"My life," wrote Joseph Henry in defense of his reputation as a scientist and man of honor, "has been principally devoted to science. . . . I have sought . . . no patent for invention and solicited no remuneration for my labors, but have freely given the results to the world. . . . The only reward I ever expected was the consciousness of advancing science, the pleasure of discovering new truths, and the scientific reputation to which these labors would entitle me."
These sentences sum up the goals and achievements of one of the most important American scientists of the mid-nineteenth century. Joseph Henry was an experimental physicist, "a rare bird," historian Nathan Reingold calls him, "for his time and place." His investigations of electricity and magnetism led him to the discovery of the law of electromagnetic induction--a basic principle of electrical science-- and also to the practical invention of an electromagnet of great weight- lifting power and the consequent discovery of its use in a successful electric telegraph system. His realization of the oscillatory nature of electrical current advanced electrical theory and stimulated the invention of the transformer, while it also encouraged him to construct a reciprocating machine driven by direct electric current--what he called his "philosophical toy." In all of these researches, Henry anticipated modern developments in the science of electricity and advanced both theoretical and applied science. He himself, however, never took out patents on his inventions or discoveries in the belief that it was "unbecoming the dignity of true science to curtail the use of discovery to personal and selfish uses." Henry believed it was the obligation of the scientist to show what was possible, and to leave to the inventor the application of discovery to practical uses.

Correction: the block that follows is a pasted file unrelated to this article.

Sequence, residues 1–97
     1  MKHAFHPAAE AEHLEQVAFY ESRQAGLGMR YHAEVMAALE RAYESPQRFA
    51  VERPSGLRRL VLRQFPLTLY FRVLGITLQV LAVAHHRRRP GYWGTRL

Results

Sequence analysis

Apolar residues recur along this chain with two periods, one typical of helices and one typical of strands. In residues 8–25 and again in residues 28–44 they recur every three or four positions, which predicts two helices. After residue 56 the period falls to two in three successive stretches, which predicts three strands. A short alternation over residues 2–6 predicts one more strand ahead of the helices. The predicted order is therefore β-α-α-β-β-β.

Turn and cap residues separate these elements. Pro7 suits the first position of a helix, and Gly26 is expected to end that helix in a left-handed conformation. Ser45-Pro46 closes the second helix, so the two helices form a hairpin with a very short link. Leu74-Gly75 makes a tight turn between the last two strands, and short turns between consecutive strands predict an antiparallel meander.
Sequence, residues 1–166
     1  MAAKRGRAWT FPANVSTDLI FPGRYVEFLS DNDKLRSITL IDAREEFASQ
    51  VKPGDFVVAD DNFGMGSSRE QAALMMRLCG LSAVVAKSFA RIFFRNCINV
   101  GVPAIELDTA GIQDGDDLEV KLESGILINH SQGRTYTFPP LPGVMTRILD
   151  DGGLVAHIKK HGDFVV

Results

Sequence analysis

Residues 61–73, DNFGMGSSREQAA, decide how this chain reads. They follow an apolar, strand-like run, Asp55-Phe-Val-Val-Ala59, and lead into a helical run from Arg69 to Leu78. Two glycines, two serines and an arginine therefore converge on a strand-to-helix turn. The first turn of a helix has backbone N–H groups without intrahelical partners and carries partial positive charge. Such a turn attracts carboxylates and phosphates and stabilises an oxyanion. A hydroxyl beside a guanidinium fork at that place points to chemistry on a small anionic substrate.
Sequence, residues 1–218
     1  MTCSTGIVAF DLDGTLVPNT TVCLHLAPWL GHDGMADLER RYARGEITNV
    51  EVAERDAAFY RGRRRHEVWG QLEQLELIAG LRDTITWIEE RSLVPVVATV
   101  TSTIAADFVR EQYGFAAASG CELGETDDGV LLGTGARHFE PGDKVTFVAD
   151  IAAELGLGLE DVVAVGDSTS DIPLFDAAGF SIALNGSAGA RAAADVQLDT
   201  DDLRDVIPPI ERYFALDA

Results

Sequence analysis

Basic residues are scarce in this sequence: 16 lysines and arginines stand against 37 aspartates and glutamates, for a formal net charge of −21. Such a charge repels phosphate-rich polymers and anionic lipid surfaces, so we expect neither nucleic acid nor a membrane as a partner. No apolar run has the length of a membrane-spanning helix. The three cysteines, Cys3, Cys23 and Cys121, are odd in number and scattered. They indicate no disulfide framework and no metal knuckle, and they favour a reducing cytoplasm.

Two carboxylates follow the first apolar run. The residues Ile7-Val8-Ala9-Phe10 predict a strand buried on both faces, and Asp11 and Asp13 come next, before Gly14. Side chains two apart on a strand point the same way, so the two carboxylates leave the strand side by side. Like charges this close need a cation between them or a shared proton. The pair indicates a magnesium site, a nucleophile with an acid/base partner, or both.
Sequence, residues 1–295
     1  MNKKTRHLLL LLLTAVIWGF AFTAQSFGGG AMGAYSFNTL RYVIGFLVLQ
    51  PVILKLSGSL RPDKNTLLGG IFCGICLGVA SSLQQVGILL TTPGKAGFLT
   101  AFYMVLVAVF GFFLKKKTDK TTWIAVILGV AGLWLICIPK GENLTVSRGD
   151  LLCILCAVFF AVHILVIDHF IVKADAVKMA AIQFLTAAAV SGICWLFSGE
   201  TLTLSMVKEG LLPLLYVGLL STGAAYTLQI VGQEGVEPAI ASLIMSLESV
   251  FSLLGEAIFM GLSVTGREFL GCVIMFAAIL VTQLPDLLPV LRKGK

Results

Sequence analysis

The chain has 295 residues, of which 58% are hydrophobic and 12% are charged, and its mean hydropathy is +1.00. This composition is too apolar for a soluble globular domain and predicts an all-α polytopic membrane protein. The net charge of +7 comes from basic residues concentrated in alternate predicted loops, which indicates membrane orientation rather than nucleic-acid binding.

Joseph Henry was born in Albany, New York, of poor parents of Scottish descent. While attending the district school in Galway, New York, he clerked in a village store and read novels and plays vora-